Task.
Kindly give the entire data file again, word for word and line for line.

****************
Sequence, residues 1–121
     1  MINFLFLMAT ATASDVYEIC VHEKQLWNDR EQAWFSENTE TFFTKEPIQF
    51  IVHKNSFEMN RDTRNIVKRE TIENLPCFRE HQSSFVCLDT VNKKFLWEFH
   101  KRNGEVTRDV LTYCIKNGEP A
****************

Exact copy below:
Sequence, residues 1–121
     1  MINFLFLMAT ATASDVYEIC VHEKQLWNDR EQAWFSENTE TFFTKEPIQF
    51  IVHKNSFEMN RDTRNIVKRE TIENLPCFRE HQSSFVCLDT VNKKFLWEFH
   101  KRNGEVTRDV LTYCIKNGEP A